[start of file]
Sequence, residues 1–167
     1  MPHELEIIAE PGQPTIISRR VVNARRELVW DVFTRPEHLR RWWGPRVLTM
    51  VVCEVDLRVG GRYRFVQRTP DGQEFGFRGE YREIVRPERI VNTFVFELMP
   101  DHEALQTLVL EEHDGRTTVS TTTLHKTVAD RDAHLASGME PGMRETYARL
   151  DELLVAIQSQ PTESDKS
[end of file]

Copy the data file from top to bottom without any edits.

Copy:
Sequence, residues 1–167
     1  MPHELEIIAE PGQPTIISRR VVNARRELVW DVFTRPEHLR RWWGPRVLTM
    51  VVCEVDLRVG GRYRFVQRTP DGQEFGFRGE YREIVRPERI VNTFVFELMP
   101  DHEALQTLVL EEHDGRTTVS TTTLHKTVAD RDAHLASGME PGMRETYARL
   151  DELLVAIQSQ PTESDKS